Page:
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Windows 7: I need step-by-step instructions for new Boot/OS SSD & RAID 0 Platters

23 Sep 2011   #1
Chrisb647100

Windows 7 Professional 64bit
 
 
I need step-by-step instructions for new Boot/OS SSD & RAID 0 Platters

I just received in the mail 1 new 120GB OCZ Vertex 3 SSD, 1 WD Black Caviar Drive (to match the existing 1TB WD Black Caviar drive I currently use), I also have a clean 1TB WD Caviar Blue drive I can use for what ever and an external 1TB USB 3.0 Passport for any drive imaging of file back ups etc. My rig specs are attached below. I currently have all my information on the one WD Black drive including the OS. I got these two new drives to enable a seperate SSD Boot/OS drive and to reconfigure my existing WD drive into a RAID 0 with the new drive while maintaining existing information (programs and documents) if possible. I am not anywhere near an expert, but do have some experience with hardware and configuration (I built my current rig) so a good set of instructions from an expert would be all I need. I see all the high scores for WEI and when benchmarking seperate SSD drives for OS and RAID 0 configurations that I am excited to give the new drives a try. I am sorry if this is a redundant thread, but I did look for and search for some time to find a thread I could use. I will check back often to answer any questions. Thanks!


My System SpecsSystem Spec
.
23 Sep 2011   #2
Golden
Microsoft MVP

Windows 7 Ult. x64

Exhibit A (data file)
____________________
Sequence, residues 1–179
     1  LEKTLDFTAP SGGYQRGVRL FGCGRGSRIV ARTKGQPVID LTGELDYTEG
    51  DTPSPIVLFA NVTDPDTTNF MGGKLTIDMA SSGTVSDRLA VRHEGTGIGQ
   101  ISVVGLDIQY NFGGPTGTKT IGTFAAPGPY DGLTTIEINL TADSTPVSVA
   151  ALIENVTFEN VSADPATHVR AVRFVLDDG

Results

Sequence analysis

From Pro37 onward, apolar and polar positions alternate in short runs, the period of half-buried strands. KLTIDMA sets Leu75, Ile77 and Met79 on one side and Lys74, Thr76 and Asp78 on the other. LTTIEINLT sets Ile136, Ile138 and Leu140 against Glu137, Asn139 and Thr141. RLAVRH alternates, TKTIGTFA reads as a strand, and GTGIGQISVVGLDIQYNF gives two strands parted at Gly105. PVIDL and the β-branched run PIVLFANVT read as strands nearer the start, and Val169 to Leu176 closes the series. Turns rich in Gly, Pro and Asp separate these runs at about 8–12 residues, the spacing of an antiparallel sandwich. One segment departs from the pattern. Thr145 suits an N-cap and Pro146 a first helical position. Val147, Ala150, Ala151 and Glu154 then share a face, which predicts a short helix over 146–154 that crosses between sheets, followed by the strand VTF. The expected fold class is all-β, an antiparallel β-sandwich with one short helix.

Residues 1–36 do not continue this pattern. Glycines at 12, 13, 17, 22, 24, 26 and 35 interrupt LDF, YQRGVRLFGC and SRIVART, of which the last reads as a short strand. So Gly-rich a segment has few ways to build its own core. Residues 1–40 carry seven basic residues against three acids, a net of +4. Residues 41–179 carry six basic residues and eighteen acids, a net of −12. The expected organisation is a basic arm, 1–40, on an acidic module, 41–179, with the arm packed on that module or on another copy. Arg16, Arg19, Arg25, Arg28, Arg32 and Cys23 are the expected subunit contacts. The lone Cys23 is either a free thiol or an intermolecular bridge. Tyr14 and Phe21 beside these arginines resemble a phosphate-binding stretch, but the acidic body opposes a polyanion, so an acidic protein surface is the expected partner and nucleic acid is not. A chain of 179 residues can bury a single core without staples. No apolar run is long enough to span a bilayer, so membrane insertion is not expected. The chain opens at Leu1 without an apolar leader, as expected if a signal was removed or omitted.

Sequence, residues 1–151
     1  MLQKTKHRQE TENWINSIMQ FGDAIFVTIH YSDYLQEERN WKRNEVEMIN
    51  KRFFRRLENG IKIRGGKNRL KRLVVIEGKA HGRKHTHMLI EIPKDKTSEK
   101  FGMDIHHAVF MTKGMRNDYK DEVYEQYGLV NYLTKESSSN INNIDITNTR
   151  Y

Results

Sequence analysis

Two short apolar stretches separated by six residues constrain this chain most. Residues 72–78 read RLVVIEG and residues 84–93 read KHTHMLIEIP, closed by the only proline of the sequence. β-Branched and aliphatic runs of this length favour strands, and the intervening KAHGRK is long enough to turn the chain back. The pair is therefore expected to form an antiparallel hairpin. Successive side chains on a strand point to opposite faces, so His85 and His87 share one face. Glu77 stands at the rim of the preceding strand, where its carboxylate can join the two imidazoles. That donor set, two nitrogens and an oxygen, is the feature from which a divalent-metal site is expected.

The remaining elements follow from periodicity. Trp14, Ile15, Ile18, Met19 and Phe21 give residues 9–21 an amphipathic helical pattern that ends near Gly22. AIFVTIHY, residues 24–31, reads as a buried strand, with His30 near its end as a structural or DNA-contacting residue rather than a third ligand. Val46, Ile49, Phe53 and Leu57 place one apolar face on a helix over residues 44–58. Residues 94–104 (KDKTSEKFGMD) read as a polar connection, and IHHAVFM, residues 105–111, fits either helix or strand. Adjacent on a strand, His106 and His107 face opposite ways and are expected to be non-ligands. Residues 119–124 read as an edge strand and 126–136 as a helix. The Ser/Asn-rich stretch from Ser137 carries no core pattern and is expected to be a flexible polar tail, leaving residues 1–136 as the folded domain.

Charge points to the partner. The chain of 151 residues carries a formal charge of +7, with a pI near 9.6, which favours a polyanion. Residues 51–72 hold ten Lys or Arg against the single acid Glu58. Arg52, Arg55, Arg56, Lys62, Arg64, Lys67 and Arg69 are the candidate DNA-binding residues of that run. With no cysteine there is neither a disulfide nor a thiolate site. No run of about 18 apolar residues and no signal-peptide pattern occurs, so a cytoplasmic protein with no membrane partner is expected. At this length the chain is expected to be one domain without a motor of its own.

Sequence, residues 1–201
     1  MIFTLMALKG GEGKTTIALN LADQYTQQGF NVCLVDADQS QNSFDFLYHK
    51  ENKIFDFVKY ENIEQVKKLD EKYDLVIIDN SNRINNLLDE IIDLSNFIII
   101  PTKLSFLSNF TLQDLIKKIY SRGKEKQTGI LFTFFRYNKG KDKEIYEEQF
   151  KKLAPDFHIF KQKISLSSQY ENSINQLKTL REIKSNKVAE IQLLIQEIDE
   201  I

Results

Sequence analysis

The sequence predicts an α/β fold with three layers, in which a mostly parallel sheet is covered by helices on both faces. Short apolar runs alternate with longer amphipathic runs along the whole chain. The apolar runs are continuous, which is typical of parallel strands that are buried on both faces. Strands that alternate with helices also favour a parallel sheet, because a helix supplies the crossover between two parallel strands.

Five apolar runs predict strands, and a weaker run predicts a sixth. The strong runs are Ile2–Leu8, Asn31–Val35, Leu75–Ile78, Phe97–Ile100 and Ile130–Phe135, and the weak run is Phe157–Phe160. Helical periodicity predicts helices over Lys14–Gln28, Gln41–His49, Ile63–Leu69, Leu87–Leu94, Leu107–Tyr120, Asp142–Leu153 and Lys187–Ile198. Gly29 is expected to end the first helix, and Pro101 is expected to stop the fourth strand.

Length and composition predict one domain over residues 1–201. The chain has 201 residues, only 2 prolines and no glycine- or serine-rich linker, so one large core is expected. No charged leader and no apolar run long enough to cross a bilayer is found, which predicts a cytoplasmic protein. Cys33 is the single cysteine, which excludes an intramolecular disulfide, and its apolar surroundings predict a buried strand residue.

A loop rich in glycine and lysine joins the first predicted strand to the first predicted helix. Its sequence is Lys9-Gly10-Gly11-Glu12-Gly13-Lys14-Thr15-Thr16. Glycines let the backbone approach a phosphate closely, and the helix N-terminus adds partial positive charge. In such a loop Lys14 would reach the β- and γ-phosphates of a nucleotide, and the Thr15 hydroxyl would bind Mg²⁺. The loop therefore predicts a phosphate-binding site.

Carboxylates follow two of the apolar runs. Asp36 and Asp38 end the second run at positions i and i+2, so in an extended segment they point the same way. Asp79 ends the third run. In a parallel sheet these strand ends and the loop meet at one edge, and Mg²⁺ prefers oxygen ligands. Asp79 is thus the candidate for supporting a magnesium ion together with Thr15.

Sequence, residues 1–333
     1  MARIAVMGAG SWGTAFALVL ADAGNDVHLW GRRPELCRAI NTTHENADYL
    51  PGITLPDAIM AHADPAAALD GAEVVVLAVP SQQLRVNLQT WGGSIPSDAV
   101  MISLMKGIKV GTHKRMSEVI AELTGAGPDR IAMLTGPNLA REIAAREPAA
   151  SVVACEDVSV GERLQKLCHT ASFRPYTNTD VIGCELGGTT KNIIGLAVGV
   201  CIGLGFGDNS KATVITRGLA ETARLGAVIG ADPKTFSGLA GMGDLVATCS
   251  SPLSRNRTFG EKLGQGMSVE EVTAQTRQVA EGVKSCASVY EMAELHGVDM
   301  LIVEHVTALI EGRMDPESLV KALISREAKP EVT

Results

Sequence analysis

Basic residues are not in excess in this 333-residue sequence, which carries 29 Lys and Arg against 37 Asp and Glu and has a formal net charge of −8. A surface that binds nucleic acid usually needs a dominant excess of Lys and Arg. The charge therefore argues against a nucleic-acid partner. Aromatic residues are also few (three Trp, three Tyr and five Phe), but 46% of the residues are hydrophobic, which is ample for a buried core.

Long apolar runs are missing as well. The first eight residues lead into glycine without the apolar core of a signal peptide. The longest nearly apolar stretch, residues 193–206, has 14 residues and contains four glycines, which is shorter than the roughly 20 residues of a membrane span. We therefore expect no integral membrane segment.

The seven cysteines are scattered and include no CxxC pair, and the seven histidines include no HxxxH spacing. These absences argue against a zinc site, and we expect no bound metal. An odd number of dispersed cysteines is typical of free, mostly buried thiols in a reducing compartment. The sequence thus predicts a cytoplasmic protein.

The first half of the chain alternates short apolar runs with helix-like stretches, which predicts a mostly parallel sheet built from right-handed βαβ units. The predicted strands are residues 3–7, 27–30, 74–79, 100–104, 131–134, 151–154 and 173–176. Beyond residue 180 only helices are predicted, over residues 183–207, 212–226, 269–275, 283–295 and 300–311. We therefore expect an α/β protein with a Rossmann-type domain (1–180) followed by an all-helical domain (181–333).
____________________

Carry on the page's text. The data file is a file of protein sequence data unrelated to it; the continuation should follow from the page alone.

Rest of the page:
Hi Chris,

Nice new gear. Lets see if we can get your system setup and running nicely.

Firstly, a quick question: I assume you want to do a fresh, clean install of Windows 7 to your SSD? In that case, my recommendation is to:

SSD

1. Unplug any existing HDD's.
2. Install the SSD drive, and then follow this tutorial to install Windows 7 to it:

Clean Install Windows 7

3. Allow Windows to complete all the updates it wants.
4. Install any applications - your drive is quite large, so there is plenty of room for Office etc. and don't forget the anti-virus software of your choice.

The RAID0

If I understand you correctly, you want to add an additional drive to your exitsing drive to create a RAID0 array and still preserve whats on it at the moment. Unfortunately, and I am happy to stand corrected, I do not think that is possible - in a RAID0 the data etc. is spanned across both disks, but at the moment it is written to a single platter.

My approach to this would be:

1. Copy all your data from the existing platter to the USB external drive BEFORE you install the SSD.
2. Reconnect your original HDD and install the new HDD. Boot the PC, and in the BIOS configure the RAID controller and add these two disks to the RAID.
3. Boot the computer. Once in Windows, in Disk Management, configure a simple drive, and partition as appropriate.
4. Now copy all your data back from the USB to the new RAID0.
5. If you like, you can also install applications to this RAID0 array.

The Spare HDD